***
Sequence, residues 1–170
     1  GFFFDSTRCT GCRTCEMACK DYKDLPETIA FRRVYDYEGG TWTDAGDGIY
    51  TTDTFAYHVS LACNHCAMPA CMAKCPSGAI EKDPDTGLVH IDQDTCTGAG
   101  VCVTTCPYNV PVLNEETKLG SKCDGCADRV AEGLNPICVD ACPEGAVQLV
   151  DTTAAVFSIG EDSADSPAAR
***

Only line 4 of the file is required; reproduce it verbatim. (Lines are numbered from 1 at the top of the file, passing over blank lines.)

   101  VCVTTCPYNV PVLNEETKLG SKCDGCADRV AEGLNPICVD ACPEGAVQLV